Growing rifts between both political leaders and military commanders as well as between Zaghawa and Fur factions of the SLM/A have led to a breakdown in the movement's command structure and a disconnect between political aspirations at the peace talks and military operations on the ground.
An observer in the region noted that the most recent scorched earth campaign by government-aligned forces had been targeting Zaghawa villages in particular. This followed considerable SLM/A activity by rebels loyal to SLM/A's Zaghawa commander, Minni Arko Minawi.
At the beginning of September, rebels looted several thousand animals from Arab nomads near Malam. This was followed by at least three SLM/A attacks on government towns, resulting in the brief take-over of the Sudanese garrison town of Shearia on 19 September, the observer added.
"If the GOS [Government of Sudan] forces claim that their latest acts of ceasefire violations are in retaliation for earlier acts of provocation by the SL[M/]A, this cannot be justified given the deliberately calculated destruction wreaked by the disproportionate use of force on innocent civilians and IDPs in their camps," Baba Gana Kingibe, head of the African Union Mission in Sudan (AMIS), told reporters on 1 October in Khartoum.
Unconfirmed reports said there were more government attacks on villages southwest of El Fasher on 3 October, leading to the destruction of Kapka village and possibly Abu Zereiga.
Large troop movements of both SLM/A and the Sudanese armed forces in the area did not bode well for a cessation of hostilities in the near future, the observer warned. He expressed concern that a potential breakdown of the ongoing Darfur peace talks in the Nigerian capital, Abuja, would spark a new SLM/A offensive.
"How many razed villages still constitute a ceasefire violation and when is it simply the end of the ceasefire?" he asked.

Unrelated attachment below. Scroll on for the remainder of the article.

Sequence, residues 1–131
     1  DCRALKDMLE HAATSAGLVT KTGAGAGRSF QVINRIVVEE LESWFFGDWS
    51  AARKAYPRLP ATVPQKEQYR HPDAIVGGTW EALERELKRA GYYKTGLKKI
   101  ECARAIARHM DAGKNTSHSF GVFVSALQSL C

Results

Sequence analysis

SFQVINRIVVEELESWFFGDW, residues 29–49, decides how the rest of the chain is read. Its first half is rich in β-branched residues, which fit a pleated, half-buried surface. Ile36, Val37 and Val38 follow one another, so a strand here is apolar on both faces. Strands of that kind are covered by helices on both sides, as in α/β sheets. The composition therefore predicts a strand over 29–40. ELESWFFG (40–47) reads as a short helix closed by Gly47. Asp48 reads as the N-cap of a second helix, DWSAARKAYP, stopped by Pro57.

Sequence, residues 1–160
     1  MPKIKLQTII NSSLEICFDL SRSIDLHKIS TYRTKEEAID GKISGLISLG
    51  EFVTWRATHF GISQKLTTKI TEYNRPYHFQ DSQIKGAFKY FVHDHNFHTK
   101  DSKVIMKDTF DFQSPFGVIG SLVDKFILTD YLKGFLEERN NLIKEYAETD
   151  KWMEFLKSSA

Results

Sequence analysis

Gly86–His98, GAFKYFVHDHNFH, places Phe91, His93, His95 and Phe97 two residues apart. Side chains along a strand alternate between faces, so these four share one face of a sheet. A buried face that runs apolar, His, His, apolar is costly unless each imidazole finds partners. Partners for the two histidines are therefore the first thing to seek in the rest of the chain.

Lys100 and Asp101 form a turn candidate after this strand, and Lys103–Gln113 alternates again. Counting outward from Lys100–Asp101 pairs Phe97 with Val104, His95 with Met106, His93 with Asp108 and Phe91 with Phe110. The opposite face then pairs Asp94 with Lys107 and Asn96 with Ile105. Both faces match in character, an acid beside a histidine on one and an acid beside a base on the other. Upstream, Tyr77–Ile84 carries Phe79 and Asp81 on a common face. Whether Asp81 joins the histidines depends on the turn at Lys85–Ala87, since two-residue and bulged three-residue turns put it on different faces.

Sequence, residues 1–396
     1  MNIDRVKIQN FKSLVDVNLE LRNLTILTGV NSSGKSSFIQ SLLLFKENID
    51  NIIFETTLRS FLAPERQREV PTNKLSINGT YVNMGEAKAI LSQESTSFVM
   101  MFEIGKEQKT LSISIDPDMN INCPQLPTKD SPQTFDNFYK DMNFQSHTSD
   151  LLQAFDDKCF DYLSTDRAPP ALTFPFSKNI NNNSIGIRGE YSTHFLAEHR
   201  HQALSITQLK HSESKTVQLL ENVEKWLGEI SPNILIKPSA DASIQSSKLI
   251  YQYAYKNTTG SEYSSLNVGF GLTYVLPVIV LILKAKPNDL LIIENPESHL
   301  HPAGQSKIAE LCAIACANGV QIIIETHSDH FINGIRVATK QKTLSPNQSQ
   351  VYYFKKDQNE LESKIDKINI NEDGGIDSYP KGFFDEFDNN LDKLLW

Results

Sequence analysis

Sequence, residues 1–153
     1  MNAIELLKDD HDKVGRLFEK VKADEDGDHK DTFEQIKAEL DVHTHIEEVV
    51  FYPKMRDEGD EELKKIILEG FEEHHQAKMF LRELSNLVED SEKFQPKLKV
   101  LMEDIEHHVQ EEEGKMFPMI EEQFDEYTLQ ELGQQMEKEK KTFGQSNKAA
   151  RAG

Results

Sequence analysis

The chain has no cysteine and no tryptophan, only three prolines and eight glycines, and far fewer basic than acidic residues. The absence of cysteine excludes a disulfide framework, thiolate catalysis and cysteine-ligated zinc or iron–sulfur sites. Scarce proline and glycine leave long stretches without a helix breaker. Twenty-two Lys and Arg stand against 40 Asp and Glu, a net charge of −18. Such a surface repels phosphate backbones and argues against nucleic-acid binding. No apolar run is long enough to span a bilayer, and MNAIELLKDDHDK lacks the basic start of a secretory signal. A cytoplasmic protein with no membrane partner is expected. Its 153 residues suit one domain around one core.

On 29 September, a government convoy of 41 trucks and nine all-terrain vehicles stopped on the outskirts of Tawilla, a town west of El Fasher, and numerous soldiers entered the town. Many shops and houses were burnt to the ground, forcing thousands of inhabitants to flee to the nearby camp of the AMIS military observers.
Tawilla is a government-controlled town, but many residents are of Zaghawa origin. An AMIS officer in Tawilla told IRIN that the Sudanese armed forces suspected many of its inhabitants of being SLM/A sympathisers.
Government soldiers said the 29 September violence erupted when they were attacked by SLM/A rebels, but the AMIS officer insisted "it was a premeditated attack".
"Four elderly men were killed at close range - execution style - and seven people were injured," the AU officer noted. "The armaments used varied from small arms to heavy 12.7 mm machine guns and RPGs."
During an earlier outbreak of fighting in Tawilla on 9 September, five people died and between 30 and 40 were injured. On 7 October, a Sudanese army convoy of 16 vehicles stopped near Tawilla and 15 minutes of sustained firing with heavy weapons took place outside the town. The result is still under investigation.
The 29 September attack led to the reported displacement of about 2,500 individuals who erected makeshift shelters near the AMIS group site camp in Tawilla.